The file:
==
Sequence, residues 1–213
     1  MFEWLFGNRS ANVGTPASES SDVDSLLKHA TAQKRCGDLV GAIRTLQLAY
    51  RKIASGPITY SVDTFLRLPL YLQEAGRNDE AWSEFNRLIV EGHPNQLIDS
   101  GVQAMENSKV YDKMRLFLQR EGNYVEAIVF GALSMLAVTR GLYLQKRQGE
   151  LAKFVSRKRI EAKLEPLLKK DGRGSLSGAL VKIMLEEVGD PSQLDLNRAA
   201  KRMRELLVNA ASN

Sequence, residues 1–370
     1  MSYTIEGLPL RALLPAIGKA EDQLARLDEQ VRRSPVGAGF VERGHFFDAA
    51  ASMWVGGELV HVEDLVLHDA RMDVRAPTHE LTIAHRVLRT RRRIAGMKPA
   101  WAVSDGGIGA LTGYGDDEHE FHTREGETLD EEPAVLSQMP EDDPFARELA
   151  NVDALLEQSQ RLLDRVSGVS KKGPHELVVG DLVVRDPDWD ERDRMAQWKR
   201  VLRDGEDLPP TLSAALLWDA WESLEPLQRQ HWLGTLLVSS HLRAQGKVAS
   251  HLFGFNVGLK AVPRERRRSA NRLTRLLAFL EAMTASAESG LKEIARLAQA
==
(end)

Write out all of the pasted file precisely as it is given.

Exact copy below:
Sequence, residues 1–213
     1  MFEWLFGNRS ANVGTPASES SDVDSLLKHA TAQKRCGDLV GAIRTLQLAY
    51  RKIASGPITY SVDTFLRLPL YLQEAGRNDE AWSEFNRLIV EGHPNQLIDS
   101  GVQAMENSKV YDKMRLFLQR EGNYVEAIVF GALSMLAVTR GLYLQKRQGE
   151  LAKFVSRKRI EAKLEPLLKK DGRGSLSGAL VKIMLEEVGD PSQLDLNRAA
   201  KRMRELLVNA ASN

Sequence, residues 1–370
     1  MSYTIEGLPL RALLPAIGKA EDQLARLDEQ VRRSPVGAGF VERGHFFDAA
    51  ASMWVGGELV HVEDLVLHDA RMDVRAPTHE LTIAHRVLRT RRRIAGMKPA
   101  WAVSDGGIGA LTGYGDDEHE FHTREGETLD EEPAVLSQMP EDDPFARELA
   151  NVDALLEQSQ RLLDRVSGVS KKGPHELVVG DLVVRDPDWD ERDRMAQWKR
   201  VLRDGEDLPP TLSAALLWDA WESLEPLQRQ HWLGTLLVSS HLRAQGKVAS
   251  HLFGFNVGLK AVPRERRRSA NRLTRLLAFL EAMTASAESG LKEIARLAQA